Selling a Product That Doesn't Exist (Day 22)


One Startup. 30 Days. No Secrets. Start at the beginning. 

 

It's true, we are taking orders for a product that doesn’t actually exist. Yet.

Despite the narrowing 30 day timeline, or maybe because of it, we are incredible proud of what we have built in just three weeks. Pride in hand, we are now sharing MixedMade with our community and are accepting pre-orders.Bees Knees Spicy Honey Pre-Order

To begin accepting pre-orders, we believe we need two key items to convey our offering:

  1. Photos of the product
  2. A price, based on actual costs

But instead we’ve settled on:

  1. Digital renderings of what we think the product will look like
  2. A price, based on estimated costs

MixedMade Homepage

That is to say, we have no finished product. We have no finished packaging. We haven’t even sourced our honey yet. Thus, we can’t show photos of our actual product or know the actual cost. We are skipping ahead a few steps to figure out the detail that truly matters – will people buy our product? 

If we were strictly following The Lean Startup method, we should have began pre-sales more than a week ago in case no one wants to buy spicy honey. Accepting pre-sales last week would have been possible, but we feel less risk given just a week more of progress. We now have a recipe, packaging options identified, beekeepers in contact and confidence that we can pull this off, so we are gladly accepting pre-orders.

With help from crowd-funding sites like Kickstarter and indiegogo, customers are familiar with the idea of buying a product before it is completely developed. In fact, I think some consumers prefer being early adopters and sharing some risk in a new product or new technology.

Pricing

Bees Knees Spicy Honey Text

We will reveal full financial details in the future, but in short, it will cost roughly $8 in raw materials and labor to make an 8 FL OZ bottle of Bees Knees.  Given that Bees Knees is unlikely to sell in high volumes, we need to sell each bottle for at least $10-12 to justify our time and effort. 

Based on prices of premium hot sauce and similar products, we believe the high end most people will pay for a bottle of Bees Knees is around $15.  As consumers, we have a hunch that a $14 price is substantially easier to swallow than $15 and have decided to test our luck at $14 per bottle.  “Maybe $14 feels like a $10 bill and some change, instead of nearly a $20 bill?”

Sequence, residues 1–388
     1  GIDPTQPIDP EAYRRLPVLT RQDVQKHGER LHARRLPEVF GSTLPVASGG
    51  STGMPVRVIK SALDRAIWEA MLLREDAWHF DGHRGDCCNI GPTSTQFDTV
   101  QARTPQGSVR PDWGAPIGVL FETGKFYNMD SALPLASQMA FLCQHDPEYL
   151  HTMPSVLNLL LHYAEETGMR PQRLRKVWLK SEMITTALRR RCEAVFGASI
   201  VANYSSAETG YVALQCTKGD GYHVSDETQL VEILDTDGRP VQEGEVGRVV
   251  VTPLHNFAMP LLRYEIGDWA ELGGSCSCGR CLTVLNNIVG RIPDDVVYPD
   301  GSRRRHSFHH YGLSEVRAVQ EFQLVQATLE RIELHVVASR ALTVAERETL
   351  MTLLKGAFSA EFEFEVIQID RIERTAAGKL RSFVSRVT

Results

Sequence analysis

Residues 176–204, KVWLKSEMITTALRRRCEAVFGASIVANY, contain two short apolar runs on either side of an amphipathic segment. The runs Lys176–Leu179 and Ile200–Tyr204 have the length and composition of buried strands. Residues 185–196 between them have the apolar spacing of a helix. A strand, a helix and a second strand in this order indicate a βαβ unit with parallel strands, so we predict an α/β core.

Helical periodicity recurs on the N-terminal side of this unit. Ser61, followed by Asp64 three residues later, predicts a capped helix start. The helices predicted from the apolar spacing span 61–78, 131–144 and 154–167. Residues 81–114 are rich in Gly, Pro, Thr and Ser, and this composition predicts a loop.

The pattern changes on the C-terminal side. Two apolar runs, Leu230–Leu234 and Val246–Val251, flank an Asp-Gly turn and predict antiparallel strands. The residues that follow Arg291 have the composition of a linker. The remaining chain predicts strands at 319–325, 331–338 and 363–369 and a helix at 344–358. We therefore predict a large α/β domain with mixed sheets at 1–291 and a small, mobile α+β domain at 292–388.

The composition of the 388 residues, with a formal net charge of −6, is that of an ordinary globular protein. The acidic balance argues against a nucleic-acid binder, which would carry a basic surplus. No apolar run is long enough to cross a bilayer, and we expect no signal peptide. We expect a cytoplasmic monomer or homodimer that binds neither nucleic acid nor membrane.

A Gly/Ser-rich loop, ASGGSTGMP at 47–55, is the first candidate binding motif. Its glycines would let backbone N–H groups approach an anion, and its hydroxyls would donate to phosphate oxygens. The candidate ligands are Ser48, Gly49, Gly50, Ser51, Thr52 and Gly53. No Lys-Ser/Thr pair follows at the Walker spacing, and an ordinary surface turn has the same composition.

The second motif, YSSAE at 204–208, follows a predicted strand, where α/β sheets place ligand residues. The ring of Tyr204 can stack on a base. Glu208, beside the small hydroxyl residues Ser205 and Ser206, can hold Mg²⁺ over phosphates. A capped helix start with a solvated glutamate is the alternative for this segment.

Source: Curtis William Readel

Based on our cost of $8, this will result in a gross profit of $6, or a profit margin of 43%, which I feel pretty good about.  If we can scale and produce / sell more bottles, our costs should decline and our margin will increase.  However, if we sell to retailers, we will have to sell at a lower price and take a reduced margin. 

Eventually we should become more sophisticated about our pricing and test if we would, for example, sell 300% more bottles sold at $12.  Until then, we will sell at $14 unless overwhelming feedback suggests a price adjustment.

And already, the first order is in for a total of $40 (2 Bottles + Shipping) - celebratory backflips off the deck are in order!

Action: We’d love to hear if you have any objections to accepting pre-orders for a product that isn’t 100% complete yet.  Comment to share.

Source: iCharts.net


3 comments


  • Rafael

    Morgen, Casey, How is it that you had your first pre-order just like that?! I struggled so hard to get pre-orders for anything I’ve tried. Is it just because you put it on kickstarter and Indiegogo that people wanted to try new things that sounded good to them?

    See, I understand from your story that you just enjoyed making a product, you’ve put it out there and found people interested in trying it. I started pretty much on the same date as you guys, but never got attention to a product I’ve made. It looks easy from your perspective. Because I would be happy to just understand why people trusted you with your product. Is it just because they were on kickstarter? That’s it? Or is there something I’m missing?


  • Morgen Newman

    Thanks for sharing your thoughts A. Perry, we appreciate them! You pose a good question: does a product warrant its value because of the quality or rather the time spent on development?
    You are right that we and our initial customers are taking some risk in selling or purchasing an early version of a product. As we have now shipped about 40 bottles, we are excited to begin soliciting feedback from our first customers, which will help guide any immediate changes to the product if needed.
    QUESTION: would you be more inclined to purchase the current product if we offered a no-question money-back guarantee?


  • A. Perry

    The price is way high for a product you haven’t even fully developed. The reason JoJos can charge that price is she has truly refined her art and so you’re paying for an excellent artisanal product that has been fully refined. You’re still taste testing a product without any market testing. I love the idea of starting a company in 30 days which you have done but in order to sell an artisan product you have to have a product. You have an idea but no product. I def won’t be buying one of the first bottles that you haphazardly threw together just to get something out the door. Best of luck but I think you’re going about this all wrong.


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